Humans of Canungra – Paige Templeman

Paige Templeman
Paige Templeman

Paige Templeman spent her early years in Hong Kong and then faced her initial post-school years in the midst of a pandemic.  Confident, funny and very honest, even without a plan you get the feeling that Paige will go on to do some great things. 

You lived in Hong Kong for a while, how long were you there?  

My family (Mum, Dad and brother Donovan) lived in Hong Kong for five years before they had me.  Donovan was born in Australia and they moved to Hong Kong when he was little.  Mum came back to Australia to have me.

Cafe Metz

Was that for your Dad’s work?

Yes, he was an engineer working on the Hong Kong airport.

Did you go back to Hong Kong after you were born?

Once I was fine to travel, Mum took me back.  I don’t remember anything about Australia before I moved here when I was eight.

Paige Templeman

Do you remember much of Hong Kong?

I loved it.  I feel sad that I wouldn’t go there now that China is in charge of it.  Our friends say it’s not the same anymore.  

What was it like moving from Hong Kong to Australia?

I remember the first day of primary school at Canungra, they put me in Grade Seven because I was so big and tall, they thought I was in Grade Seven.  

I went into this classroom and they were learning multiplication and I had no idea what that was.

You were eight?

Yes.  I was supposed to be in Grade Two.  They quickly came and got me and said “this girl is supposed to be in Grade Two”.  It was funny, because they were learning multiplication and I was like “What’s this?  I don’t know what this is.”

Was it a culture shock?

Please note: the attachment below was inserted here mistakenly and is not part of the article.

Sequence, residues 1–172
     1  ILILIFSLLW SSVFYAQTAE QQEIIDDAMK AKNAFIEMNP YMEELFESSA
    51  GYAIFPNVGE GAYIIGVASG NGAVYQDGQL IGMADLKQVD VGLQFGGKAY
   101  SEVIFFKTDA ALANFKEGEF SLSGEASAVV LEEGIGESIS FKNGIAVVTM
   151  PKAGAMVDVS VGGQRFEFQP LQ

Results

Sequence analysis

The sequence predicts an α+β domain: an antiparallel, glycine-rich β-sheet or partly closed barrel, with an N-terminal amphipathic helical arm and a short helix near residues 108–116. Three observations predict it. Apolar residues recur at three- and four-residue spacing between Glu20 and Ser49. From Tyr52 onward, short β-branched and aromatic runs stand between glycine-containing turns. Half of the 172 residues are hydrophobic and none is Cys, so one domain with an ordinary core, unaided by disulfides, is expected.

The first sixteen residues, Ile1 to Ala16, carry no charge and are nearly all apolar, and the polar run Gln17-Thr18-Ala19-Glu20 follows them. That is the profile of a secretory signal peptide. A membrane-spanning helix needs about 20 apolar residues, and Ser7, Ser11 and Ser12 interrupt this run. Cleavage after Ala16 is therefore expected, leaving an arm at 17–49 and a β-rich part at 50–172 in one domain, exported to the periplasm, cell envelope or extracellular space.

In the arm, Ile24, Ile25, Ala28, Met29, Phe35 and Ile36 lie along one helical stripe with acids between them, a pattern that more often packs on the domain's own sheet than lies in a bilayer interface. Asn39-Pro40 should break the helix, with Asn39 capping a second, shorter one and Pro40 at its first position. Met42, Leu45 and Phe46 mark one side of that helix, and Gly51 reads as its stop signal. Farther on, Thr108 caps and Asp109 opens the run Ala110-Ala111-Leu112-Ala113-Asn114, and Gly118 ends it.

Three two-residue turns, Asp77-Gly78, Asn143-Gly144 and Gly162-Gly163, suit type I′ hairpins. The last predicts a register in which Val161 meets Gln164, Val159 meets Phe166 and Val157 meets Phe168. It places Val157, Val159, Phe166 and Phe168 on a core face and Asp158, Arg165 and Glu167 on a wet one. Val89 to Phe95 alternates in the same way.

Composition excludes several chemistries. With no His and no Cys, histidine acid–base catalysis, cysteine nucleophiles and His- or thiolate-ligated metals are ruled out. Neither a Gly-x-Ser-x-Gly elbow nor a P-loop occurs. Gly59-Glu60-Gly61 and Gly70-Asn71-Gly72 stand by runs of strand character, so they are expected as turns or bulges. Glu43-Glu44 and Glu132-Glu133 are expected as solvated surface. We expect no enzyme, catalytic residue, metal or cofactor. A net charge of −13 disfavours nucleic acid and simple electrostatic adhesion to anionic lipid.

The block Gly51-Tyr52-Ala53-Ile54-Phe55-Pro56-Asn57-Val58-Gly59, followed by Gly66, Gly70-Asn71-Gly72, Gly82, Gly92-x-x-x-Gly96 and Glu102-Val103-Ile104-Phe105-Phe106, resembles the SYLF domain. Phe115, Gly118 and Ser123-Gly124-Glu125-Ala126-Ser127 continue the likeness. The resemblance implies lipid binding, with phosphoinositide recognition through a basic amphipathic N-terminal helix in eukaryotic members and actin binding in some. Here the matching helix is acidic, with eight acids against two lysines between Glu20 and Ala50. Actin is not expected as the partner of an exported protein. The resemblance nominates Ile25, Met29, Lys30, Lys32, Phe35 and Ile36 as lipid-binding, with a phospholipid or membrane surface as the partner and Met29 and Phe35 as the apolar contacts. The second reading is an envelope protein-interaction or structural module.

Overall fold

In Hong Kong I went to a big international school and there were people from all over the world.  

But I’m glad I came to Canungra, I like it.

You finished school in 2019 and we’ve been in a pandemic since – did that affect your plans for after school?

I didn’t really have a plan for after school.  

My friend and I were going to Germany and Europe in 2020.  I bought tickets and the pandemic got worse and we couldn’t go.

I went to Uni for two weeks to do Forensic Science.  I just struggled so much.  I kind of knew I wouldn’t like it, and I gave up after two weeks so I didn’t have to pay the HELP fees.  Since then I don’t know what I’m doing.

I’ve been told when you go out you tell people you’re a Pie Maker.

Yeah, it’s just easier, and it sounds better than saying “I’m a dishie”.  People are like “oh what pies do you make?”  They’re not going to ask “what dishes do you wash?”

In reality, do you do both?

At The Outpost Cafe I do a bit of everything.  I serve customers, I wash dishes, I do cooking, I do the pies, whatever they need me to do.

I think Pie Maker sounds better – it’s a conversation starter.

How has the pandemic affected you socially?

For a whole year we didn’t go out, now I’m 20 I should be over my clubbing stage but I’m not, I’m just getting into my party stage.

I’m a pretty confident person but I find it so hard talking to people now.  A lot of people my age haven’t had much social interaction.  

I feel like young people have lost their communication skills with each other.  Which is so sad, I think.   

I feel sorry for people my age who went to uni (not myself).  They’ve hardly made any friends because they’ve done uni online. Everyone says it is supposed to be the best time of your life but it’s just not for them.

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About Keer Moriarty 296 Articles
Editor, journo, social media manager and tea lady with Canungra Times.